The Locomotive perfectly bridges that gap. It undoubtedly draws heavily from his earlier work. A quick glance at the Locomotive screams Royal Oak. The Locomotive retains a similar geometric bezel, though the hexagonal here offers a more rounded shape than the octagonal bezel of the Royal Oak, and the bracelet design is familiar. But the bracelet of the Locomotive is both softer and more severe than that of the Royal Oak, with a gentler primary link and a more angular intermediary link shape.

Then there is the connection between the bracelet and the case. The Locomotive strips the watch head down to its core elements, seemingly connecting the bracelet of the case directly to the bezel of the watch, without any mid-case to pad the scale of the watch. That single mounting point design would eventually make its way to the Cartier Pasha and plenty of other Genta designs and is as much a piece of his design signature as the integrated bracelet.

The cumulative effect of this design evolution is a watch that feels far more jewelry-like, and far less brutalist than its most closely related sibling, the Royal Oak. Those differences are only compounded when you wear the watch. The feeling of the Locomotive on your wrist is entirely unlike the experience of wearing a Royal Oak.

The Locomotive is a compact watch, 38.8mm across and only 8.9mm thick, with a lug-to-lug functionally identical to its diameter. This sensation of compactness is helped by the screw-down crown’s home at four o’clock (a Seiko signature). Moving the crown from the three o’clock position is a critical design move, de-emphasizing the point of the octagonal bezel and allowing the crown to sit in the center of a (relatively) flat surface.

The bracelet drapes beautifully, and the watch hugs the wrist magically. The use of high-intensity titanium for the case and bracelet is a welcome choice here. The original watch was made in steel, but opting for titanium is a strong nod toward the modern Grand Seiko, and the material is, as one would expect, well-finished and dynamic in its execution. The watch is stunningly light, but the unit I tried on was a dummy without a movement, so production models will wear slightly heavier than the one I experienced.

The dial of the Locomotive is pure Grand Seiko, with a deep texture and a remarkable shimmer. The watch does sport a date, something which I could probably have lived without, but the framed window at three o’clock is relatively unobtrusive. The hands of the re-release hew close to those of the original watch, while the luminous markers have been updated to better match the handset. It’s a small, but meaningful, update, and not one that I can see anyone complaining about.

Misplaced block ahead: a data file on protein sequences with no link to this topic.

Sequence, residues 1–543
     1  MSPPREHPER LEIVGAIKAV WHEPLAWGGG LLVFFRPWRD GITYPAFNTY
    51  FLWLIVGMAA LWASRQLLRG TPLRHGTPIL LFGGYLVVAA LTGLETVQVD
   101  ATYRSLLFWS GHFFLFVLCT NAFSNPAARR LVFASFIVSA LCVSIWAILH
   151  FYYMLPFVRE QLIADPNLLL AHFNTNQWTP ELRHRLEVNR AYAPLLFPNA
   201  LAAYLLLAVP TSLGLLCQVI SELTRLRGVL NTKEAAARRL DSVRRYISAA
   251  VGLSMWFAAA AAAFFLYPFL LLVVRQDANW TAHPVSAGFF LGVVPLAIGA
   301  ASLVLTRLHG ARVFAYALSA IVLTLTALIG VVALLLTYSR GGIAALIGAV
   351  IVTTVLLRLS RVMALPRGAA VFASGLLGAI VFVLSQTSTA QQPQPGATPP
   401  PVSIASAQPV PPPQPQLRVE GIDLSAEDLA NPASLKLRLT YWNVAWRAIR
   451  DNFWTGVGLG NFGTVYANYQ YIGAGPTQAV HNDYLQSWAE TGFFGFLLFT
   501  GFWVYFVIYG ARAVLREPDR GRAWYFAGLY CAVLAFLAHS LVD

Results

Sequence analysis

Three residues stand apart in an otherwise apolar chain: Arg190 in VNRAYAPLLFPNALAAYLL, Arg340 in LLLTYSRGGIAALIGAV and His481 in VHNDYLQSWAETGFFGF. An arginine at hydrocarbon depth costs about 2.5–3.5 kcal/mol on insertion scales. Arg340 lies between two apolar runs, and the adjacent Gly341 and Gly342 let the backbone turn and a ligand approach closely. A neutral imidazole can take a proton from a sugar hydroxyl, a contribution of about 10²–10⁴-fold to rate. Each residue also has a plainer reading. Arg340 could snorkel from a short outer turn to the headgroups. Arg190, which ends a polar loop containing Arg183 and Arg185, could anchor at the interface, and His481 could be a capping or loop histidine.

Another update comes with the movement. The original Locomotive was powered by a quartz movement, a fitting choice for a luxury watch in the late ‘70s, but inside the case of this re-release is a brand new Credor automatic movement, the CR01. The new movement offers 45 hours of power reserve and is certainly thin, but it is not Chronometer Certified. Seiko promises an accuracy range of +15 to -10 seconds a day.

I’ve admittedly never been the Royal Oak’s biggest booster, despite my general admiration for Genta and his impact. I’m a far bigger fan of the Offshore than the traditional Jumbo, and many of Genta’s later designs feel more like art-pieces than watches you’re actually meant to wear. And yet, having gotten to try on the Locomotive and spend a few minutes with it, I have to admit that I’m somewhat taken by it. It feels like the perfect bridge between who Genta was in the early ‘70s, and who he became in the late ‘80s and through the ‘90s. It’s a killer watch, and one I would happily wear, if I were given the opportunity.

All of which brings us to our last big question of the day: How much will the Locomotive cost, and how do you get one? The Locomotive will be available globally in a limited edition of 300 pieces from August of this year for a price of $12,000 — a dramatic discount when compared to other Genta-designed watches from the 70s, though price is probably the least of the hurdles involved in getting this watch. Credor

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A native New Englander now based in Philadelphia, Griffin has been a passionate watch enthusiast since the age of 13, when he was given a 1947 Hamilton Norman as a birthday gift by his godfather. Well over a decade later, Griffin continues to marvel and obsess about all things watches, while also cultivating lifelong love affairs with music, film, photography, cooking, and making.